A paper factory was my next stop. Making paper is a laborious process – first the plants are stripped and boiled in a huge vat. The pulp is washed, pressed and dried, and then the paper is made. The smell is something you have to experience to believe. The end product is worth it though. I found the way they dry the paper on huge electric heaters interesting, as I’ve only seen it dried in the sun in Kathmandu (think of a big washing line).

Preparing the lokta

Preparing the lokta

Drying the sheets of paper

Drying the sheets of paper

The lokta bush

The lokta bush

The National Textile Museum was a lovely place to see. In the first toom I watched a DVD which explained the different types of weaving and how different ethnic groups in Bhutan make different types of cloth. There are then two main rooms of exhibits: one contains clothes that the royal family have worn, for example at weddings, along with some of the history, and the other was a more general display of traditional clothes and jewellery. This was all beautifully presented and if you have even a vague interest in textiles, I would recommend a visit.

The last stop on my full itinerary today was the Trashi Chhoe Dzong, which contains the government offices and also houses some monks. It is only open for an hour or so in the evening, once the civil servants have gone home, but it’s worth the wait. The buildings are atmospheric, with monks wandering around, and the sound of horns and chanting coming from the rooms on the first floor. The rooms are painted with lovely murals and one of them is lined with small golden statues of the Buddha.

Trashi Chhoe Dzong Thimphu

Trashi Chhoe Dzong Thimphu

Trashi Chhoe Dzong Thimphu

Trashi Chhoe Dzong Thimphu

Prayer wheels at Trashi Chhoe Dzong Thimphu

Prayer wheels at Trashi Chhoe Dzong Thimphu

By the time I got back to the hotel I was more than ready for a sit down, dinner and a beer. I had had a great day, and was looking forward to the next. But first another massive dinner to get through 🙂

Travel arranged by the lovely Thinley at Sakten Tours and Treks (thinley@sakten.com).

All photos by me 🙂

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Part 1: Bhutan – Land of the Thunder Dragon (and a lot more besides…)

If you’ve been reading the blog/are my friend/husband and have had to listen to me rabbiting on, you’ll know that on my recent trip to Nepal I managed to squeeze in a 4-night trip to Bhutan as well. Bhutan is somewhere I’ve always wanted to go and it’s an hour away from Kathmandu by plane, so it seemed rude not to!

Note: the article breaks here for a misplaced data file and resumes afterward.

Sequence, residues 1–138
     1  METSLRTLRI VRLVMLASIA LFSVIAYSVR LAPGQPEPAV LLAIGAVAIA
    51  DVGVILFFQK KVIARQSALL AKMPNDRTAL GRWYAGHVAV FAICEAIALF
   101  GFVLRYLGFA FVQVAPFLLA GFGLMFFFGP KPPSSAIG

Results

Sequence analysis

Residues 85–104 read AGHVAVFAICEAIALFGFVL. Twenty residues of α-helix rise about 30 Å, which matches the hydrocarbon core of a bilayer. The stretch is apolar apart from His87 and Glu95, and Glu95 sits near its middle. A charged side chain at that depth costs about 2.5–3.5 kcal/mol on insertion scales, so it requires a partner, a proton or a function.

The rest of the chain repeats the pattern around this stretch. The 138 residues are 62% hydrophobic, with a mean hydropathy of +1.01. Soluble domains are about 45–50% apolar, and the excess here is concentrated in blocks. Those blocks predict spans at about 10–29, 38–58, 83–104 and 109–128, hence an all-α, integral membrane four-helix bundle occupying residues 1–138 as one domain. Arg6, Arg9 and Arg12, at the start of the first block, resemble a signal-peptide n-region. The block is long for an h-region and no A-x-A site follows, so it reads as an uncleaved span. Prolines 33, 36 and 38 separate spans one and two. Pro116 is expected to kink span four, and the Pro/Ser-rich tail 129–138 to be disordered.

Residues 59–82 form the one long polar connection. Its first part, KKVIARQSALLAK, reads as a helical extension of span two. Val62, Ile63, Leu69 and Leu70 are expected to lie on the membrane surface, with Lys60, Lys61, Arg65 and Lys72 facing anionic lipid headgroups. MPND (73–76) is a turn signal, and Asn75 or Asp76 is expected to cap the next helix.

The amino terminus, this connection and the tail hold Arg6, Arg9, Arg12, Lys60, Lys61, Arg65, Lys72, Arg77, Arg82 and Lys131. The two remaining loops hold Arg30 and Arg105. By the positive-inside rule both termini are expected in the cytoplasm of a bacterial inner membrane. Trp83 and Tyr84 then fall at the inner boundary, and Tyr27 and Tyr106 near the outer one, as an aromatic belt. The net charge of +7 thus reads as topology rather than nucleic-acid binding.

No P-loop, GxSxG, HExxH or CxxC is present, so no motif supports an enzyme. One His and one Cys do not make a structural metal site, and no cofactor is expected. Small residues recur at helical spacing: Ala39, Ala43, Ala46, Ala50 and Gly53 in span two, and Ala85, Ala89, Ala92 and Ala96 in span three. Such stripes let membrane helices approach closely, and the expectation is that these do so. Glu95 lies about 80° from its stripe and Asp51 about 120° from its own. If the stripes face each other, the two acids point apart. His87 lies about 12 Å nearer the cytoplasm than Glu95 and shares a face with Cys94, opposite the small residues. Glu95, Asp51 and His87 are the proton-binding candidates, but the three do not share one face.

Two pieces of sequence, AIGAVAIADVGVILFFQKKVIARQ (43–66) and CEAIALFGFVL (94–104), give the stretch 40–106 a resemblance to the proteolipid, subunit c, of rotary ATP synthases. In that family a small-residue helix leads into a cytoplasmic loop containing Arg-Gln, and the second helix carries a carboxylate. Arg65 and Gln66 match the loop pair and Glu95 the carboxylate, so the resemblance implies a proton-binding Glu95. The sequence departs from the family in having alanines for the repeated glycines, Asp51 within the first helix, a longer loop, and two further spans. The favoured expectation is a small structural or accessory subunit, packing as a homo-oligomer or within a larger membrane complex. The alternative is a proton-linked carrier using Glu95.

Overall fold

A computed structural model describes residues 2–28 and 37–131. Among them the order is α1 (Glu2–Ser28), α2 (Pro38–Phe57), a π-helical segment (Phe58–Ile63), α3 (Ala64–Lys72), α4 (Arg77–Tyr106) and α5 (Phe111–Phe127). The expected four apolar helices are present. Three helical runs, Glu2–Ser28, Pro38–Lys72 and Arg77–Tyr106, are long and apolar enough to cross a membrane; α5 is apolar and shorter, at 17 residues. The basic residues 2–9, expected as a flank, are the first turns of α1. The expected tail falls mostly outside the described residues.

As landing and taking off from Paro airport is highly dependent on the weather [visual rules, so the pilot actually has to be able to see. Useful I’d think] I made sure I was at Kathmandu airport at stupid o’clock and was rewarded by the 50-seater twin prop plane taking off 10 minutes early. I had a seat on the left-hand side of the plane but unfortunately the clouds were obliterating the mountains so no Everest for me. Luckily I’ve seen the whole range from Tibet so I didn’t feel too disappointed, although seeing mountains is always a good thing. Drukair was impressive. It was a titchy plane but there were two stewardesses and even lunch (maybe not traditional Bhutanese fare: mayonnaise sandwiches, peanuts, biscuits and a mango juice). The sign above my head stated: ‘Meal plates must be stowed in a sofa drawer during take-off and landing’. I loved it.

Plane on the tarmac at Kathmandu airport

Plane on the tarmac at Kathmandu airport

Plane on the tarmac at Paro airport

Plane on the tarmac at Paro airport

The King and Queen keeping an eye on us all

The King and Queen keeping an eye on us all

We arrived safely at Paro, where immigration and baggage control was a breeze. My guide and driver, Tshering and Pema, were waiting for me outside [Anna, UK, 1 pax – just the way I like it] and they whisked me off to my hotel in Thimphu. Along the way I picked my jaw up off the well-upholstered floor of the car numerous times. The scenery was superb and Tshering filled me in on various things we were seeing along the way. Lush green paddy fields, densely wooded mountainsides (apparently nobody is allowed to cut the trees down), plenty of signs exhorting people to drive carefully [my personal favourite: ‘This is highway, not runway’]. Women selling fruit (mainly apples) and veg by the side of the road, small temples and houses dotted around, cows and calves strolling down the middle of the road.

The hotel in Thimphu was new and comfortable (Hotel Thimphu Towers) and central, in fact on the main Clocktower Square. A perfect place for me to take sneaky photos of people walking around, not realising that there was a tourist on the third floor observing their every move. So I’m nosy, I can’t help it 🙂